consumption alcohol live longer

Eat, Drink, and Be Merry – and Live Longer?

Sometimes your concierge medicine doctors at MD 2.0 in Jupiter, Florida, feel we’re constantly raining on your parade, telling you to do things you don’t particularly want to do and to give up things you enjoy.

Now comes a study that should make you feel a bit better. As recently reported in USA Today and elsewhere, a study from the University of California-Irvine seems to show that consuming moderate amounts of alcohol and coffee and being slightly overweight is linked to living longer.

“The key word is ‘moderate,’ of course,” the paper wrote. “The study, called ‘The 90+ study,’ started in 2003 and examined ‘the oldest-old’ age group—about 1,700 nonagenarians—to determine what is key to living to your 90th birthday and beyond.”

It found that people who drank moderate amounts of alcohol or coffee lived longer than those who abstained, and that people who were slightly overweight in their 70s lived longer than normal weight or underweight subjects did.

Dr. Claudia Kawas, the co-principal researcher on the study and a neurology professor at the University of California-Irvine, revealed the findings at the American Association for the Advancement of Science (AAAS) conference in Austin, Texas.

“I have no explanation for it, but I do firmly believe that modest drinking improves longevity,” she said at the conference.

So what does “moderate” consumption mean? According to NBC’s “Today” show, Kawas reported the “sweet spot” for caffeine was 200-400 milligrams a day, or about two cups of coffee. For alcohol, about two glasses of beer or wine daily appeared to be the optimal amount.

This study echoes others in recent years which seemed to show a positive correlation between moderate amounts of alcohol and coffee consumption, as well as being slightly overweight, and living longer.

A 2012 National Institutes of Health (NIH) study, for example, found that older adults who drank coffee—caffeinated or decaffeinated—had a lower risk of death overall than others who did not drink it at all.

A 2013 study, published in the journal Alcoholism: Clinical and Experimental Research, examined 1,824 people whom they tracked for 20 years. Over that period, 69 percent of the non-drinkers died, compared with 60 percent of heavy drinkers, and 41 percent of moderate drinkers.

A 2001 study by researchers at Yale University found that moderately overweight seniors lived longer than those who were either thinner or heavier.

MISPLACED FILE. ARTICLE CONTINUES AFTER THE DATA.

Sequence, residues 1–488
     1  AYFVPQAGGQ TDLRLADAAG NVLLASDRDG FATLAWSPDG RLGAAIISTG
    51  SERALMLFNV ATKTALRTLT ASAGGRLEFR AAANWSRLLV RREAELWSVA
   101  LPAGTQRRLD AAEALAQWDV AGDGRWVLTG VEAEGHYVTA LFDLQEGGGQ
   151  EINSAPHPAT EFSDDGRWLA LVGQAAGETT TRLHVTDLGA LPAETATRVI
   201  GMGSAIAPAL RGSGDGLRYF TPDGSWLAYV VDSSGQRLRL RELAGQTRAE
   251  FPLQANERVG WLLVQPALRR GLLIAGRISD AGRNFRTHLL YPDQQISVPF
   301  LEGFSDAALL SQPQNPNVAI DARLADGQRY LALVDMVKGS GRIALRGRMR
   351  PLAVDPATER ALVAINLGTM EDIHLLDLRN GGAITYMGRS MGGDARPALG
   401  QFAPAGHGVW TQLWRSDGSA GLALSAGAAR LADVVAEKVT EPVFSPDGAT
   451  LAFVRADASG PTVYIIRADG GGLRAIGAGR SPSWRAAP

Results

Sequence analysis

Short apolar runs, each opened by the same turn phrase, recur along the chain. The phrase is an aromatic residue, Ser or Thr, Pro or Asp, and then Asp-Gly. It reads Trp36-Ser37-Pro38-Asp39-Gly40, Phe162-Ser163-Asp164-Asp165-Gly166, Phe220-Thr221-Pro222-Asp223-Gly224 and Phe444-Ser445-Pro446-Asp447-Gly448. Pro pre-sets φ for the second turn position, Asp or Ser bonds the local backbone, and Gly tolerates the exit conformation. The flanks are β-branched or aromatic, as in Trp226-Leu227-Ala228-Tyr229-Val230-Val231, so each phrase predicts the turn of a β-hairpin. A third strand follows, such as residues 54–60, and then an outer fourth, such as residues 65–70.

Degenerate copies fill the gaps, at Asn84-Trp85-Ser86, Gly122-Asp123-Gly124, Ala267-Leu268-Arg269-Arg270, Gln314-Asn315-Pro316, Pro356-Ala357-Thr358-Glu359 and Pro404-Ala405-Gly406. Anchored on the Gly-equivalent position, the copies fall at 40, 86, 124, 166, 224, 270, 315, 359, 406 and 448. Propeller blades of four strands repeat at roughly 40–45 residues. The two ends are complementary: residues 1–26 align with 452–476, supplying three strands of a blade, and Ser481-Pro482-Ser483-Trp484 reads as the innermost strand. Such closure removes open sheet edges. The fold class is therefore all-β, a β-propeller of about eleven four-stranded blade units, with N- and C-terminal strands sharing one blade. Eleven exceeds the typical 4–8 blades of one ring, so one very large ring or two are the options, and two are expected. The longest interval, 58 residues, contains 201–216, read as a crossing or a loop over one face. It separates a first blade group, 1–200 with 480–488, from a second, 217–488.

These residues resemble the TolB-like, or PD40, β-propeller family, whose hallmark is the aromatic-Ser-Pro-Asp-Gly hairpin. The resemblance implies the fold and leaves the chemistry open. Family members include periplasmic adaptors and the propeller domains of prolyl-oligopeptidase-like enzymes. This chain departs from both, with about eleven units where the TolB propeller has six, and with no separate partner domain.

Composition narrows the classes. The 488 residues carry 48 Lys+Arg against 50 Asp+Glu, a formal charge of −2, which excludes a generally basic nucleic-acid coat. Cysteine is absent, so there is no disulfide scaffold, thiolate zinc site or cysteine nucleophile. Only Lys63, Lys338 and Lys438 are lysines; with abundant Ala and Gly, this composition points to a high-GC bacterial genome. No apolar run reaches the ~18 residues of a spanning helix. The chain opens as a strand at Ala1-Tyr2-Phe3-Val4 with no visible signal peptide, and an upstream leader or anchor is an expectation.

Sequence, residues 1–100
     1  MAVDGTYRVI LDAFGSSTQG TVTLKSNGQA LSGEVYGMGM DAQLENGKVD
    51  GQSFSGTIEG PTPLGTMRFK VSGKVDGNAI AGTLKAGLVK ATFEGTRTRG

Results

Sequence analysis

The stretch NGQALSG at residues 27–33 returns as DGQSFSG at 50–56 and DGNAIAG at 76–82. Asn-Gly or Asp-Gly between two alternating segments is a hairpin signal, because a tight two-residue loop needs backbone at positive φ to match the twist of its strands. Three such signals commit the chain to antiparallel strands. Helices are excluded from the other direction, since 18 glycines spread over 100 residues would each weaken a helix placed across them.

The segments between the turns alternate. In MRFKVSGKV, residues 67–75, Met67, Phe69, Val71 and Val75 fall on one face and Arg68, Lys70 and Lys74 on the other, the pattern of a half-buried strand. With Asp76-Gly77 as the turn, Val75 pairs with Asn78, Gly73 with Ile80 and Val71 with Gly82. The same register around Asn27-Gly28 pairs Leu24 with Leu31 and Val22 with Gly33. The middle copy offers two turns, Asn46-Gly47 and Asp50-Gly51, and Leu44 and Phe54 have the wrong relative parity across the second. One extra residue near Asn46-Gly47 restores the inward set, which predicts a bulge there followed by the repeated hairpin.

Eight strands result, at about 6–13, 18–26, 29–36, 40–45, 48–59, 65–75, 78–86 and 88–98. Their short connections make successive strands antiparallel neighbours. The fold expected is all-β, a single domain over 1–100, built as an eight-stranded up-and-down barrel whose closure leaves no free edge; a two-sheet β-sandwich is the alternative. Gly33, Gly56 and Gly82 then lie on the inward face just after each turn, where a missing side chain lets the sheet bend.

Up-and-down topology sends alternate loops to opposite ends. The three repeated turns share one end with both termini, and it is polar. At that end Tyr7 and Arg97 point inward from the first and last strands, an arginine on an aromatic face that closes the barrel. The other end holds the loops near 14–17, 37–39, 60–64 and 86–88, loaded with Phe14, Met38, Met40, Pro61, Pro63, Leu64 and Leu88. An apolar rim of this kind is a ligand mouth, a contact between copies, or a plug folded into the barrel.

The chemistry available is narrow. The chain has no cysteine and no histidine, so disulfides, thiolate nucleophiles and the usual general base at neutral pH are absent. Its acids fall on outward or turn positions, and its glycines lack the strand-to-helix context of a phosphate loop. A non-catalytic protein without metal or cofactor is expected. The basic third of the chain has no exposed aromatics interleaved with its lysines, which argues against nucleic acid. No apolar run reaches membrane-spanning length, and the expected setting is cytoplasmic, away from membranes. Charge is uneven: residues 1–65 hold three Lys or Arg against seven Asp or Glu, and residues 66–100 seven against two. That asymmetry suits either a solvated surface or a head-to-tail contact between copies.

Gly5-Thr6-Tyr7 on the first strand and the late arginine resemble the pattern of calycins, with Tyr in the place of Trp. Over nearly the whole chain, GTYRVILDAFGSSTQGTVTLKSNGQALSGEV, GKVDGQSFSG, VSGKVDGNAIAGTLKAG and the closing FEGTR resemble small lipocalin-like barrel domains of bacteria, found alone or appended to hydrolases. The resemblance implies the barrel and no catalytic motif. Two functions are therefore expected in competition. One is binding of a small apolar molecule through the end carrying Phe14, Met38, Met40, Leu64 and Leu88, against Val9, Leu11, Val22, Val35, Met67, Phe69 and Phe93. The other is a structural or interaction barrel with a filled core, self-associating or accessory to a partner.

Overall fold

Other researchers have found similar results in these areas. The common element in all these studies seems to be the word “moderate.”

But neither the current UCI study nor any other lets you off the hook for exercise. Every single study over the years has consistently shown that regular exercise improves nearly every indicator for wellness, from the cardiovascular system, to bone and muscle health, to helping ward off various types of cancer and dementia. It also improves mood and reduces stress, two other markers for healthy living.

Kawas noted that her findings showed as little as 15 minutes of any type of exercise daily was associated with greater longevity, with 45 minutes being the preferred amount. Even splitting that into three 15-minute segments three times a day worked as well as doing it all at once.

As for her conclusions regarding the advisability of moderate coffee and alcohol consumption, Today also spoke with Dr. Thomas Perls, director of the New England Centenarian Study and professor at the Boston University School of Medicine, who challenged the UCI findings.

“So I think there’s other data that would counter this notion that modest amounts of alcohol are good for you,” he said, citing not only his ongoing study but the Seventh-day Adventists, whose famously long-life expectancy—89 years for women and 86 years for men—contradicted the current study’s findings. The religious group abstains from both alcohol and coffee.

In addition, recent studies have suggested that even moderate alcohol consumption may raise a woman’s risk of breast cancer.

All these competing studies can be confusing. We can help you sort them out. The advantage of concierge medicine is that we have the time to sit with you and discuss all your health and behavioral questions, and can help you formulate a lifestyle plan tailor-made just for you.

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